New-look defense offers fresh start for Georgia Tech

Over the next few weeks, we'll be chatting with each ACC coach to go over the highs and lows of 2017 and take a look at what's in store for spring practice and the season ahead.

Next up, Georgia Tech's Paul Johnson, whose Yellow Jackets missed out on a bowl for the second time in three years, but could prove an intriguing team in 2018.

What's the take on last year? You were in virtually every game, saw your offense really blossom despite a lot of turnover, and yet, you finished 5-6 and missed a bowl.

Johnson: It was frustrating and disappointing. We had a lot of close games and we couldn't find a way to pull them out. I think in four different games, we were up two scores in the second half. We lost those games we felt like we had a chance to win, and then not having a chance to play the full schedule was frustrating, too. So to finish one game under .500 was certainly not what we set out to be, and everyone was disappointed.

Justin Thomas was a foundational guy at Georgia Tech, but TaQuon Marshall not only filled those shoes but really became a star. How did you evaluate his year and where can he improve for 2018?

Johnson: Oh yeah, there's no question he can improve a great deal. We just finished a lot of the cut-ups, and he was dynamic with the ball in his hands and did a nice job of creating some things when there wasn't a lot there. But he can be way more consistent, especially in the passing game and with his reads, as well. There were times when we missed way too many reads.

When you talk about the struggles in the passing game, how much of that is on Marshall, how much on the reads he's making, how much on the receivers not getting open?

Johnson: Usually it's all of the above. Finding the right reads, being accurate, having guys who can get separation. For us, the better our running game is, the better our passing game will be since a lot of it is geared off play-action. If we do a better job with the reads and in the running game, the passing game is going to be better.

The foundation of what you guys do starts up front, and you return four starters on the line who are young overall, but with significant experience. Do you see the O-line as a real strength?

Johnson: It should be a good unit. We have most of them back, and three of them are juniors who have been starting since they were freshmen. You hope they'll be bigger and stronger, but I think we lost really one receiver, Ricky Jeune, who was our go-to guy last year that we've got to find that guy a little. But other than that, we pretty much return everybody [on offense] except for Shamire [Devine].

What kind of impact can new defensive coordinator Nate Woody make? Is it more cultural on X's and O's?

Johnson: The cultural standpoint, we'll see. The team kind of sets that. It'll be interesting to see, we're going from an even front to an odd front, so there'll be some position changes for some guys. I think our guys are excited about it. He's been pretty aggressive, and I think kids enjoy playing in that style of defense.

People always question the challenge of preparing a defense when it practices against your style of offense. I'm not sure it's really dramatically different than teams with tempo or spread style offenses, but do you see it as something unique you have to deal with when trying to get the defense straightened out?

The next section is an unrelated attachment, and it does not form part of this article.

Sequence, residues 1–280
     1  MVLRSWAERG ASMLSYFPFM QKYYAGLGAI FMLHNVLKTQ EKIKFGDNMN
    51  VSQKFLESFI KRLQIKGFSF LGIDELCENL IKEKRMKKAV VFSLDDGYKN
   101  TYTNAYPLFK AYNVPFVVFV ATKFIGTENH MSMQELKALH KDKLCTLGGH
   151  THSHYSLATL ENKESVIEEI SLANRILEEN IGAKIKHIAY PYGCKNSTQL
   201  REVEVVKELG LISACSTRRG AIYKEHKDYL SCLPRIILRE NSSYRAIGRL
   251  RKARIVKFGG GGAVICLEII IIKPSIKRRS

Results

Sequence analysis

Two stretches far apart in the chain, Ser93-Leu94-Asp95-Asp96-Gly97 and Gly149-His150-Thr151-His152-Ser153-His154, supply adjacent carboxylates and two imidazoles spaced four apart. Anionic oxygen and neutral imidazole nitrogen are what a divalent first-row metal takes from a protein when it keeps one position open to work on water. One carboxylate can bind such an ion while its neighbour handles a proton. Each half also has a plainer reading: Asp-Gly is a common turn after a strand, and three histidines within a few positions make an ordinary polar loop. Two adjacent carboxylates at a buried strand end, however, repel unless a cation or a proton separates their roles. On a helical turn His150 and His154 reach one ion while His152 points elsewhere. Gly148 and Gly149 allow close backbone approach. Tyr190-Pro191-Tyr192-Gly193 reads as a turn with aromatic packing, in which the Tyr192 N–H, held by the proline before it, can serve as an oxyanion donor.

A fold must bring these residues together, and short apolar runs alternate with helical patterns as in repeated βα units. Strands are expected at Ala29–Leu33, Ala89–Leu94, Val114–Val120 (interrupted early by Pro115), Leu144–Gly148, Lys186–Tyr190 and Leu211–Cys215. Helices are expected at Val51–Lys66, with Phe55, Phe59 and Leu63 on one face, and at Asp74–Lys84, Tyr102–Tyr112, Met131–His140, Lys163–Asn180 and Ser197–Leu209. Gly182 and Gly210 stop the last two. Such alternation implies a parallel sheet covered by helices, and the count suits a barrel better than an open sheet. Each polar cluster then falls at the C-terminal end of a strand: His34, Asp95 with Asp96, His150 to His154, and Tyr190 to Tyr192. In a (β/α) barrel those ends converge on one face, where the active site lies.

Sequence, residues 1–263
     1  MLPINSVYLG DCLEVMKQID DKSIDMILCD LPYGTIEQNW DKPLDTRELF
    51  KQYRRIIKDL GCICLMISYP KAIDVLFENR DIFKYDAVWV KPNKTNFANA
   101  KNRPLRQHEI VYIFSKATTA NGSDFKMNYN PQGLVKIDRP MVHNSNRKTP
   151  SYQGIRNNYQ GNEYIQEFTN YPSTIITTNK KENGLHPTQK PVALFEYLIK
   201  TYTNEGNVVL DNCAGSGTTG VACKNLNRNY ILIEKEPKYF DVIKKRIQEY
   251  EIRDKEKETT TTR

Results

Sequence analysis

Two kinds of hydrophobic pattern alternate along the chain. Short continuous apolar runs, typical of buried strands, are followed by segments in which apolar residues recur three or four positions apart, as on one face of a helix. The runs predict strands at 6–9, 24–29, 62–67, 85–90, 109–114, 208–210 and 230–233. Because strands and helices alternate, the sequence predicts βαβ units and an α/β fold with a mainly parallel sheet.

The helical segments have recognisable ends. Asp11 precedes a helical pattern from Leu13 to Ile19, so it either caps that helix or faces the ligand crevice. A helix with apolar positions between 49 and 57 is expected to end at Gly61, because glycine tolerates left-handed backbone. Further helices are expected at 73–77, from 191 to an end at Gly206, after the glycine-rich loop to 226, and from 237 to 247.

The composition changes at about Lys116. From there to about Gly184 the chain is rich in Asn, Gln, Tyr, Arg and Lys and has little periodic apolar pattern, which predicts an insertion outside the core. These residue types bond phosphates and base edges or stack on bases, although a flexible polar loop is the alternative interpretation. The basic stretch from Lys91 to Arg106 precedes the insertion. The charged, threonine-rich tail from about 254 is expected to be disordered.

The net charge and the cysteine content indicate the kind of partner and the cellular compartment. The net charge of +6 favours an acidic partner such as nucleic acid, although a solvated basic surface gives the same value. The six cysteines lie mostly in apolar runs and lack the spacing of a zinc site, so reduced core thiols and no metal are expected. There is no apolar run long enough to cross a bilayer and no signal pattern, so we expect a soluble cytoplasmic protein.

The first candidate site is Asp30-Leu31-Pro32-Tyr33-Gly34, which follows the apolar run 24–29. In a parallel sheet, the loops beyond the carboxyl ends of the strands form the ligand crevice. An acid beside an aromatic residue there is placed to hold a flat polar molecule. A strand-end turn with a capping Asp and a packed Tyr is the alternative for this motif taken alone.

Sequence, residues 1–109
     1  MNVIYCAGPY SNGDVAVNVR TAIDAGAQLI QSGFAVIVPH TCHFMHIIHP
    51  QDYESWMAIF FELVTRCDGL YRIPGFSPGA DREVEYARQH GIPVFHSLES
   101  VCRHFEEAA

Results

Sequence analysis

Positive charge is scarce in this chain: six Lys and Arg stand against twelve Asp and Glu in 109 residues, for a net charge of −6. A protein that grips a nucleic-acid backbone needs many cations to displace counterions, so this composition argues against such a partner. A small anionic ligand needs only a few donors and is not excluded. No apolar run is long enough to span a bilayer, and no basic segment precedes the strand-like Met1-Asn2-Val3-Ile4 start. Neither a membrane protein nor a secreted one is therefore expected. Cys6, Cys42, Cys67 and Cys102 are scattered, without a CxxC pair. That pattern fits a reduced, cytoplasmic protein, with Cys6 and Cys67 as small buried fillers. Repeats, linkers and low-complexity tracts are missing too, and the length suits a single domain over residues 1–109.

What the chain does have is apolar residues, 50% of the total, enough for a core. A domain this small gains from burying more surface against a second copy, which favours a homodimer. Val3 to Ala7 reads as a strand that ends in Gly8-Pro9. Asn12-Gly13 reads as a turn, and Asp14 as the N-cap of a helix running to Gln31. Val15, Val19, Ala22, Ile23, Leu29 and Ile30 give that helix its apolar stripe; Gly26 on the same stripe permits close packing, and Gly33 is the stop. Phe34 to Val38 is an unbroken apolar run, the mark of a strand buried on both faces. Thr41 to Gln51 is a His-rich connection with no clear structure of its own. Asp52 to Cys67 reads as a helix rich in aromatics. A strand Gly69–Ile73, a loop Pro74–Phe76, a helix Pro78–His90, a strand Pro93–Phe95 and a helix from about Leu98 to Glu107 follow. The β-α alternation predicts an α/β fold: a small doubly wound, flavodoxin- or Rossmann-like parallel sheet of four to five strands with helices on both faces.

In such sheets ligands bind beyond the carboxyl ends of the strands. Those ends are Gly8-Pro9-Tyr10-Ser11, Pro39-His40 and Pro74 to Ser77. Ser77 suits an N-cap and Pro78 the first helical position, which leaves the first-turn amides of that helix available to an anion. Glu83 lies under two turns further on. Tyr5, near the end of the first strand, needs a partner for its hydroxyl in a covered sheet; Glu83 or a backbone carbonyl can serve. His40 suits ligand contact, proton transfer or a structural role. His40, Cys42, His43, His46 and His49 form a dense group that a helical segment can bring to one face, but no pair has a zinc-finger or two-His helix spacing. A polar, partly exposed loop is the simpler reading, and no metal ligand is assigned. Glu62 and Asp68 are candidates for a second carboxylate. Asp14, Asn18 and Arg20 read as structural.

Johnson: I think that's just a crock. It's excuses. Playing against our offense is not a whole lot different than playing against the spread with the zone-reads and all that stuff. You play it the same way. If you look, I think the offense should help the defense. That's one of the things I was impressed with Nate, when I talked to him about it; he embraces it because it helps play the run, it helps make you tough, and all you have to look -- a team like Army, those teams are top five, top 10 in the country in defense. So it hasn't hurt them. When I was at Georgia Southern, we were perennially in the top 10 in defense. If anything, you play less snaps. We probably played less possessions and less snaps than anybody in the country except Army a year ago. A normal game for us is 10 to 12 possessions. For everybody else, it's 17 to 18, so you're essentially playing a quarter less every game.

You lost some established talent in the secondary. Is that your big concern defensively heading into spring?

Johnson: I think we clearly lost some guys who started there and played a lot, and we feel like we've got some good young guys that are going to get a chance to finally play. We'll see what happens. I think it makes it a lot easier back there if you can get some pressure, and the area we struggled in defensively so much was in the area of sacks and tackles for loss. So if we don't improve in that aspect of it, it's not going to matter who's in the secondary.

Would you prefer your guys approach spring ball with a chip on their shoulder because of last year, or do you think it's best to start fresh?

Johnson: I think the guys who played certainly need to remember what it was like. But we don't dwell on it. Every team is different. When we start in the spring, we'll start with the fundamentals and try to improve on the things we need to improve upon. With a new defensive installation, it'll be about how fast they can go. We'll be day-to-day and see if we can get caught up. There'll be a lot of position changes over there. Some of the guys who were inside backers may be outside. Some safeties may be backers. So all that thing will sort itself out. Offensively, we just have to get better at our basic stuff. We can be so much better than we were a year ago.